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Occupational Therapy for Children


Skill-based training is essential for children to be able to do the activities they need to do and want to do. For example learning and practicing handwriting is required for improving poor handwriting. Learning and practicing turn taking might be practiced when playing a board game, learning how to manage emotions might be learnt by writing a story about what strategies might work in certain situations and then practicing these techniques might occur during a group horse riding session where the child feels anxious. To ride a bike a child must learn and practice bike riding. To be able to put shoes on, a child must learn and practice how to put shoes on, and so on. Practicing skills in their natural setting is also very important for learning.


Inclusion of peers and offering activity groups has also been shown to help children to learn how to participate in a range of childhood occupations, for example being an art student in an art class for children. Sports activities as therapy can be very effective for helping children learn motor skills and social skills but need to be matched to the age of the child and their diagnosis.


What has consistently been shown NOT to help children (to be able to do what they need to and want to do), is isolated sensory or sensory-motor approaches where occupational therapy sessions involve rolling around on balls, swinging in hammocks and jumping on trampolines for the majority of the session. Activities such as these, might be fun and could be used as a reward after a child practices what they need to practice, but they will not assist the child to develop a range of skills or positive social behaviours. Jumping on a trampoline is a fun childhood activity to spend time doing. Jumping on a trampoline is also a healthier way of releasing "stress and energy" compared to punching a wall. Healthy activities which require physical energy are important for all people. Jumping on a trampoline is a great past time for a child, but it is not a good way of spending money on "therapy", unless the child can't jump and wants to do so.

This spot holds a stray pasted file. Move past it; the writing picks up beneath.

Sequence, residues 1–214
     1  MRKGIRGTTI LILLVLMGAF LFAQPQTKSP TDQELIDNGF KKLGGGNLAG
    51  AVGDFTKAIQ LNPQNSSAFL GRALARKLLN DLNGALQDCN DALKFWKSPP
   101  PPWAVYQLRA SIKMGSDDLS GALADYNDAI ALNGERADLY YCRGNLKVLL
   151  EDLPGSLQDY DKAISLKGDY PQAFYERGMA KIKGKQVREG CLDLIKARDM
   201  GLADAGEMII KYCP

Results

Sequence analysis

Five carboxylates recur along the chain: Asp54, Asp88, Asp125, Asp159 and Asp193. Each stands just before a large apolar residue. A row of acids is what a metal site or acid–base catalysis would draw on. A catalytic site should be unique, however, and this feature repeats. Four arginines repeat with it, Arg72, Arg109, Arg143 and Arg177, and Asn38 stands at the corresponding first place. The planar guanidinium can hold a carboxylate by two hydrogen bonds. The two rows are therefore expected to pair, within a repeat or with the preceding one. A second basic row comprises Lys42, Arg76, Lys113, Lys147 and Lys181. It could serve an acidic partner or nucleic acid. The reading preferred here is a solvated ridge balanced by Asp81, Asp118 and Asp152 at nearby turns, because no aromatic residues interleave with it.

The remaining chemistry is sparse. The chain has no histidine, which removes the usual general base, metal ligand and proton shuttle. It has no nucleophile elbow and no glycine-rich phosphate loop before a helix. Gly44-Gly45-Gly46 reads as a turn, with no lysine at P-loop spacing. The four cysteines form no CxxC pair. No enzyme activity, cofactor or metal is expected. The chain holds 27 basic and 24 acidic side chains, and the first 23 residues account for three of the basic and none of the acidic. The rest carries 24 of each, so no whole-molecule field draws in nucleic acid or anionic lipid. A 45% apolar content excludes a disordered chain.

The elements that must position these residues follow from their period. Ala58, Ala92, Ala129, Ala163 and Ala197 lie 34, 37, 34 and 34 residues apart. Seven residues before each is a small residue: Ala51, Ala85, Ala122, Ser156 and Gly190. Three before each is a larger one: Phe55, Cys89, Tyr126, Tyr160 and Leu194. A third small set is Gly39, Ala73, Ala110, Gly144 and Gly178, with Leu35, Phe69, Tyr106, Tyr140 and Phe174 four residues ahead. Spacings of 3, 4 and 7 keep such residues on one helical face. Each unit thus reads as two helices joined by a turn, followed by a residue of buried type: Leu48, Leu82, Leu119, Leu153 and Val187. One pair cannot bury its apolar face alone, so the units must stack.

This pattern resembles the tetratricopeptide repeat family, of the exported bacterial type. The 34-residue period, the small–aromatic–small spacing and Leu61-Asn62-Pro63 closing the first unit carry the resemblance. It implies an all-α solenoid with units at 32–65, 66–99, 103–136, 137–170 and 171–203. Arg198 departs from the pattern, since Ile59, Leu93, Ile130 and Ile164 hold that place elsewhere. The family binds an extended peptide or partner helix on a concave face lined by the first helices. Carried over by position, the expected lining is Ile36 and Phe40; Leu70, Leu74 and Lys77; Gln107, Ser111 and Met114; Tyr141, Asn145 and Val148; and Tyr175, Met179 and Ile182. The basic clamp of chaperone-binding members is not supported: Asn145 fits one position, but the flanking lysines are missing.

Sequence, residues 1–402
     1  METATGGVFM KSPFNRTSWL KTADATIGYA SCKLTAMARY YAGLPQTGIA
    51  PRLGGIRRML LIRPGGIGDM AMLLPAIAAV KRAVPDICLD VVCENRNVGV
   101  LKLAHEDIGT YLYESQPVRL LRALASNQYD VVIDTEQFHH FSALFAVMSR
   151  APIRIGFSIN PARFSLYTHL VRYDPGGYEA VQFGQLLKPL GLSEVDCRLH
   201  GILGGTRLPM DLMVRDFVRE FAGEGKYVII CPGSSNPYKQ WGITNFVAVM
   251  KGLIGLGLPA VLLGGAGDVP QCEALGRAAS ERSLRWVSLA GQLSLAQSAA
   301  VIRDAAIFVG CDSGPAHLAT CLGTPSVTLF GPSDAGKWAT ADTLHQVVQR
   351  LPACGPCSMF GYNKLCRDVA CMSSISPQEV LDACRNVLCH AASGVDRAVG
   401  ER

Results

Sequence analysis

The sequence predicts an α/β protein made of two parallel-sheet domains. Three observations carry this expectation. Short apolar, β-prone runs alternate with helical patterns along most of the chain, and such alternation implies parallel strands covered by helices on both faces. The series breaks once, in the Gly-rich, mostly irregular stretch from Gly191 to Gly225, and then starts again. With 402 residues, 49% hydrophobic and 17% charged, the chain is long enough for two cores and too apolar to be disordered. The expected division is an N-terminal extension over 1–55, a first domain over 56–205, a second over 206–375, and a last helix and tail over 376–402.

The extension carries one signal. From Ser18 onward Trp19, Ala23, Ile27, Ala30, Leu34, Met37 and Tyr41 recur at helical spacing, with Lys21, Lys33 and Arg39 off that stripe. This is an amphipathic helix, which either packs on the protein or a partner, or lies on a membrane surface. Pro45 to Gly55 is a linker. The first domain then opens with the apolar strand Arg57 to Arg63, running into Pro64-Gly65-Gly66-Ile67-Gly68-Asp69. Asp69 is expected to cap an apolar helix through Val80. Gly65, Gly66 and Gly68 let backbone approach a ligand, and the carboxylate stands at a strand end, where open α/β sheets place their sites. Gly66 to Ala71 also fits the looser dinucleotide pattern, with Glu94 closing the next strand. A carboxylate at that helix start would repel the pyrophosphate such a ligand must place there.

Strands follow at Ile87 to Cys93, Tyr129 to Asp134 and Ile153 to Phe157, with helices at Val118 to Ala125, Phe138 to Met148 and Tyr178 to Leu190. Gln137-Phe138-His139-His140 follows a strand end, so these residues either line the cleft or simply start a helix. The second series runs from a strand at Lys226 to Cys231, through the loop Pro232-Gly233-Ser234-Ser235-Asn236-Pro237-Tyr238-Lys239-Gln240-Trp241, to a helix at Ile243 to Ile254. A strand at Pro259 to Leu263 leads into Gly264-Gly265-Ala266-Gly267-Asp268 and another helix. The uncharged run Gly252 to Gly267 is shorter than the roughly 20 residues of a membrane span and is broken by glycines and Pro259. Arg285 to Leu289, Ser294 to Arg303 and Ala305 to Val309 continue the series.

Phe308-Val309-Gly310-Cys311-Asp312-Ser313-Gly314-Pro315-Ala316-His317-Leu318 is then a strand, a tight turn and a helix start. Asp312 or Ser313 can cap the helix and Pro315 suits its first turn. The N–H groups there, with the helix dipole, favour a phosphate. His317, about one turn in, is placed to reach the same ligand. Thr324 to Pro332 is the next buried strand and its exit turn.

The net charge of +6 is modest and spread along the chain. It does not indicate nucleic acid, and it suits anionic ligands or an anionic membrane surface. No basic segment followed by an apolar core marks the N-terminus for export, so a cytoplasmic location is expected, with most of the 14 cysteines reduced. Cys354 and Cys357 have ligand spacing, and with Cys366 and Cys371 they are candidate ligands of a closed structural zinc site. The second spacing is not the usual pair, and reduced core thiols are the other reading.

This information is not my idea or my opinion. This information is found in the 2020 American Association of Occupational Therapy guidelines of occupational therapy practice for children. The information is also provided in the Occupational Therapy Australia current course "helping children with autism and their families" (which I completed in 2018).


Skills developed in childhood, for example, completing school work in neat handwriting, putting on shoes without help, taking turns during games and learning to interact with peers to make a friend, can all be taught and practiced while engaging in enjoyable activities. If a young child can't climb or slide, then I prefer to meet them in a local park and practice climbing and sliding. Once they can climb and slide, they can go to the park with their family and friends to climb, slide and enjoy social interaction. I am proud to offer evidence based occupational therapy interventions to children individually and in small groups in a variety of inspiring local capricorn coast community settings.






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